The Australian treasurer has unveiled a world-first mandatory code, or bargaining model, that will force Google and Facebook to enter negotiations with media publishers to pay for news content. If discussions break down, negotiations can go to arbitration where a deal will be mandated.
The announcement is the latest stage in an 18-month process which has seen the Australian government push the digital giants to finalize an agreement with media companies. The code also compels the tech giants to provide more data transparency and control to media companies using their services.
Treasurer Josh Frydenberg said in a press conference on July 31, “As the technology has developed and as the power, the wealth, the influence of these digital platforms, namely Google and Facebook, has grown, our regulatory framework has not kept up.”
“And as a result, there is a very unequal bargaining position between Australian news media businesses that produce original content and the digital platforms,” he added, saying the media landscape was “at stake” if changes were not made.
“It became apparent to us a number of months ago that we werent making progress on that critical issue of payment for content,” he said. “Hence we are moving down the path of a mandatory code.”
In December 2018, the consumer watchdog, the Australian Consumer and Competition Commission (ACCC) released a report about the market influence of Google and Facebook on the Australian mediascape. The report found a “fundamental bargaining power imbalance” between the digital giants and media.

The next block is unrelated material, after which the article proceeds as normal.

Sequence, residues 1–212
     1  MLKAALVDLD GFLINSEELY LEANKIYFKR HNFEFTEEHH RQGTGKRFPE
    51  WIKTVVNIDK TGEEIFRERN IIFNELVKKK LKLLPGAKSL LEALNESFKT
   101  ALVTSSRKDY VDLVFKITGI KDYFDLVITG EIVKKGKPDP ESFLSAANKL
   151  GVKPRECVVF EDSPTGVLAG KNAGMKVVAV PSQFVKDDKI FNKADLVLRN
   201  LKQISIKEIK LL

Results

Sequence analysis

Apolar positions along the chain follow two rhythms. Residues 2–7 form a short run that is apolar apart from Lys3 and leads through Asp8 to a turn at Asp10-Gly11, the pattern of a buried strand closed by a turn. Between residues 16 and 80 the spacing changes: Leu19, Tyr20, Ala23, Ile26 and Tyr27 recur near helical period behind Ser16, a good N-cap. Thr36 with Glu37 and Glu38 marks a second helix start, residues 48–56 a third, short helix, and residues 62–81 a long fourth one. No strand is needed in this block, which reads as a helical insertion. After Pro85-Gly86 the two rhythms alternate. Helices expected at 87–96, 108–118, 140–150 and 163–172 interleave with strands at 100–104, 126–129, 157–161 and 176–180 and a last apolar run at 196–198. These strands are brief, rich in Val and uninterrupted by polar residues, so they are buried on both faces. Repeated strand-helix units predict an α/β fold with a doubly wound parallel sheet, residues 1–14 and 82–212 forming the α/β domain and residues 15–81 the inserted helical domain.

In December 2019, the federal government tasked the ACCC to work with Google, Facebook, and media companies on creating a voluntary code. However in April this year, the ACCC reported to the government that negotiations were fruitless.
On April 20, the treasurer along with the communications minister announced that the ACCC would be developing the mandatory code, which was released today. This code will go through a round of public consultation before being finalized.
The code currently covers Facebook and Google, but other digital platforms may be added if they attain a “bargaining power imbalance” with Australian news businesses in the future. Further, public broadcasters ABC and SBS will miss out.
How the Code Works?
News media organizations can notify Google and Facebook that they intend to enter a formal bargaining process over how the digital giants will pay for news content.
The code requires both parties to negotiate in “good faith” and allows for a three-month period to negotiate and mediate.
Smaller media organizations can also band together and collectively bargain with the digital giants. ACCC Chairman Rod Sims noted that the bargaining power imbalance between the tech companies and small or rural news companies was “particularly acute.”
In fact, the code even allows media companies with relatively low annual turnovers of $150,000 per year to negotiate payment deals.
If no agreement is reached between the parties, the matter can be taken to an arbitrator. The arbitration process must be completed in 45 days. Both parties will be allowed to submit one offer to the arbitrator and can respond once to the opposing partys offer.